I am interested in hearing what our community has to say about Proposition 2, which will be voted on in this election, on May 15th.
“What is Proposition 2?
“Commencing with the annual budget vote and election to be held on May 21, 2013 and all subsequent elections, shall vacancies on the Patchogue-Medford Union Free School District Board of Education not be considered separate and specific offices, but rather elections-at-large and candidates with the highest number of votes shall be elected, and that the nominating petitions are not to describe any specific vacancy for which a candidate is nominated?”
The proposition is asking if you (the voter) approve of the elections being “at-large” starting next year. This means that if there are two vacant seats, and three people are running, then the two candidates with the most votes get elected into office.
As the elections are currently done, a candidate has to choose a specific trustee’s seat to run for. Trustees on our board serve three-year terms. When the three-year term of an incumbent (someone who is currently in office) has come to an end, a candidate may express an interest to run for that trustee’s seat. If the incumbent decides to run for their own seat again (to stay on the board), then the new candidate would be running against the incumbent alone or with another new candidate. The incumbent may decide to not run for his own “seat”(spot on the board). In that case, new candidates interested in that trustee’s seat will either run unopposed for that spot (no one is running against them), or against a new candidate. On rare occasions, an incumbent may choose to run for another incumbent’s seat.
Which way is the best way? That is a tough question. From my findings, I have discovered that there are pros and cons to each method of election.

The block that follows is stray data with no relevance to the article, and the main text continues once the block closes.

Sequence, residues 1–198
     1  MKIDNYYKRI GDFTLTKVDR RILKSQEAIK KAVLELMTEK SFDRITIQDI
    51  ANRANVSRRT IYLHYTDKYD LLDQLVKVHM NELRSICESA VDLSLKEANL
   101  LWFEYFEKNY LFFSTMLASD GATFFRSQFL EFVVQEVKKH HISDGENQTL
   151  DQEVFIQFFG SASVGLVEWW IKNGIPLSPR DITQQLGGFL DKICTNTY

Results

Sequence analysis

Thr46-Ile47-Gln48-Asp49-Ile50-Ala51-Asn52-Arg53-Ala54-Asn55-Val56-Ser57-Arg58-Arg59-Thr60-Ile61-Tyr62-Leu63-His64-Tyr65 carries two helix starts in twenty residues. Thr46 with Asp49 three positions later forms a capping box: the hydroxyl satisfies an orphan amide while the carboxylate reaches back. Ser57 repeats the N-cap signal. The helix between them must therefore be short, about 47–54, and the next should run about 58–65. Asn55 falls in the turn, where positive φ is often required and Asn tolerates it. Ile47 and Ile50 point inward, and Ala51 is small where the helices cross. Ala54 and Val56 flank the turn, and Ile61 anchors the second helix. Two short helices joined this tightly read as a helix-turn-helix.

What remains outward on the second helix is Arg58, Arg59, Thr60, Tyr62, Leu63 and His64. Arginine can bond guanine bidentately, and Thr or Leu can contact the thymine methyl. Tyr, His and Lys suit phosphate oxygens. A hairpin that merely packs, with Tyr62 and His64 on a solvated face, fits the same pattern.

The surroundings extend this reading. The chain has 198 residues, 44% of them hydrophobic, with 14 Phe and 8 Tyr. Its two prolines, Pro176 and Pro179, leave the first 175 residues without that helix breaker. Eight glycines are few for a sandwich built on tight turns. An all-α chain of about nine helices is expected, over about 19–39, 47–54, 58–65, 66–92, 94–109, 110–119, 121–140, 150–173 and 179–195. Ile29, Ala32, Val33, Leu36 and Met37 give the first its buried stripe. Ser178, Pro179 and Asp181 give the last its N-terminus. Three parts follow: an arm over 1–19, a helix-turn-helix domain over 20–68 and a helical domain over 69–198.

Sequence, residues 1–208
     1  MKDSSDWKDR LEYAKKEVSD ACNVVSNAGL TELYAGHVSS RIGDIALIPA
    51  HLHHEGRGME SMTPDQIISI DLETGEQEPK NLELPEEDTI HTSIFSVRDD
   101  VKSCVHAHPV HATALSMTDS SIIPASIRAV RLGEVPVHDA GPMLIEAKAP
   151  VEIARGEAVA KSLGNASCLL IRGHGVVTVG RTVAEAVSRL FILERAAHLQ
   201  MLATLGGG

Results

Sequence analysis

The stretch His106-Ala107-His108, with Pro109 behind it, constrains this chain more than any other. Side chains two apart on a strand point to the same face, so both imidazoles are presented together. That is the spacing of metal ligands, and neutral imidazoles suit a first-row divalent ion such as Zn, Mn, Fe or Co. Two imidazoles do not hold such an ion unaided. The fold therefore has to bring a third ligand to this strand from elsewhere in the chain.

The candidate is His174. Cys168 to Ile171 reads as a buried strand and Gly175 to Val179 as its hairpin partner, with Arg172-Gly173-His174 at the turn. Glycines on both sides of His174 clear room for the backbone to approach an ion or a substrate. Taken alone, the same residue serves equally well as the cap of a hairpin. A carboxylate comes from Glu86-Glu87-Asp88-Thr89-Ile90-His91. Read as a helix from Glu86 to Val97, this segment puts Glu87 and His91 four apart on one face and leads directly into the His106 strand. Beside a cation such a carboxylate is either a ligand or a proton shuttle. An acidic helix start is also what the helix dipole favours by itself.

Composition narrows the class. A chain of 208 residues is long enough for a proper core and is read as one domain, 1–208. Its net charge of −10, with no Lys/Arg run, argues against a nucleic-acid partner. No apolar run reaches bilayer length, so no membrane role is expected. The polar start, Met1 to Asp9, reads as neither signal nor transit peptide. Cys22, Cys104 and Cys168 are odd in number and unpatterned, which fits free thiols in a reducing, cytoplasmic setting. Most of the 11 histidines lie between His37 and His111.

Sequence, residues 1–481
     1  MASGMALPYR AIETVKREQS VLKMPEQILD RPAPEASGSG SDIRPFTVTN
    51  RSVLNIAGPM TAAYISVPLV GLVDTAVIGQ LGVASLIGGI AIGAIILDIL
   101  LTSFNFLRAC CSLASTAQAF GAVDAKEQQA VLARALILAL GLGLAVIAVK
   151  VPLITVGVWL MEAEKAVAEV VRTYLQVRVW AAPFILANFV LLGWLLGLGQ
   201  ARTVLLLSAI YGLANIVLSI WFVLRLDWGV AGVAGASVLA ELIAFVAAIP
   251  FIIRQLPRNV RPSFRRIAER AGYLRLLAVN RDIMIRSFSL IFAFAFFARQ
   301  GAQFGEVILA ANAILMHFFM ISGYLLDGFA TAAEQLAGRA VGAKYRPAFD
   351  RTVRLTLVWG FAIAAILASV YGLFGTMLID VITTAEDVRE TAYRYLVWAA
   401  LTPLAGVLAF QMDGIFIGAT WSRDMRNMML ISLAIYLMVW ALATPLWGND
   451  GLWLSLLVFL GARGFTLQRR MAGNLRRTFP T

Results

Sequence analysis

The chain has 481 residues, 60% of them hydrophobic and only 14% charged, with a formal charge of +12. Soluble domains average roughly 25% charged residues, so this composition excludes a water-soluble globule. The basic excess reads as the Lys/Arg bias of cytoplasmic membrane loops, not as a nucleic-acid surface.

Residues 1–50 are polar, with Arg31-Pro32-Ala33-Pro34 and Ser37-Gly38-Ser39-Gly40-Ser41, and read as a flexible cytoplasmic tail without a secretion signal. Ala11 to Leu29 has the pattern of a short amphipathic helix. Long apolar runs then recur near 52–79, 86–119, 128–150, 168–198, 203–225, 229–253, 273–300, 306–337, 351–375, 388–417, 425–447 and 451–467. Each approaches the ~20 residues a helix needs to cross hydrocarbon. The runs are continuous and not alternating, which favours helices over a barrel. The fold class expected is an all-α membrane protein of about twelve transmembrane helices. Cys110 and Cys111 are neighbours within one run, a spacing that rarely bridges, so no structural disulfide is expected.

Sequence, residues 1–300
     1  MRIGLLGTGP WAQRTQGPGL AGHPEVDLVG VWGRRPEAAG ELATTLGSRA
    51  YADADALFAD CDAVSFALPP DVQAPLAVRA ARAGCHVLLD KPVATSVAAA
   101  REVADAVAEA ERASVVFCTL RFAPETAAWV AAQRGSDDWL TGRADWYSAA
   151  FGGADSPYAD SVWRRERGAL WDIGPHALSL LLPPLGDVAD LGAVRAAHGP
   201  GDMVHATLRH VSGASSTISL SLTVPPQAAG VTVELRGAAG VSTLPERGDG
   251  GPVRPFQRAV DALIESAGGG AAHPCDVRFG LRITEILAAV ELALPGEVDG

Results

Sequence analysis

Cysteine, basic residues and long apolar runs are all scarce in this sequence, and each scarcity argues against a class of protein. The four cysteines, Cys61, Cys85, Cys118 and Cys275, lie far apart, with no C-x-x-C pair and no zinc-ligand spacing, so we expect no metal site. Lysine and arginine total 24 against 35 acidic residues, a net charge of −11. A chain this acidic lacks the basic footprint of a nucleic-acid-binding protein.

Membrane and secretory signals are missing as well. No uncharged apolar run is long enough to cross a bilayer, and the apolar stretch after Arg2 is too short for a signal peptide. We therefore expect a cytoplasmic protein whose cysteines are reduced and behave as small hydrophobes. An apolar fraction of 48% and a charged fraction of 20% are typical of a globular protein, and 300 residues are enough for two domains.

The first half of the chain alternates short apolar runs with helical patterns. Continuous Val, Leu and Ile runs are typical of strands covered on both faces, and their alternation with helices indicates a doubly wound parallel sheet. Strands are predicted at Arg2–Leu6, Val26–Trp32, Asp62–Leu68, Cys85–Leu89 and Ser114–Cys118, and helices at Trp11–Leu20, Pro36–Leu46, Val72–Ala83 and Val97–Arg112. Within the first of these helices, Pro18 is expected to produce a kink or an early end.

There are a number of reasons why people run for the Board of Education. Hopefully, their main objective is to help ensure the mission statement of the district. Hopefully, they have a passion for public education, and want to contribute their skills, and or insights to the community by way of the schools. Hopefully, they want to share ideas to help the school district move forward; and that they want to help make decisions using thoughtful, fair, and moral judgement. Expectantly, their purpose is to preserve the best interests of the children, schools, and community as a whole. Those are just a handful of good reasons why someone would run for the Board of Education.
On the “flip-side”, and or in conjunction with that, sometimes people run because they are very unhappy with the trustee who sits in a seat which is up for re-election. They are disappointed in the decisions that trustee has made, the way they vote on particular issues, their performance, the way conduct themselves, what have you, while serving on the board. Whatever the reasons may be, the new candidate feels that they have more to offer the community in one way or another than the present trustee. Sometimes people run for a specific seat because they are not in favor of another particular candidate who is running for a seat. In that case, having to choose a seat to run for is beneficial. A candidate and his or her supporters, along with the voting residents, can oust another candidate or incumbent who they feel is not right for the job of a Board of Education trustee. This can be viewed as a favorable electoral method because if the residents of the community feel that they are not being represented by a particular trustee, and/or the trustee is not acting on behalf of the district’s mission statement, they can specifically target the dismissal of that trustee.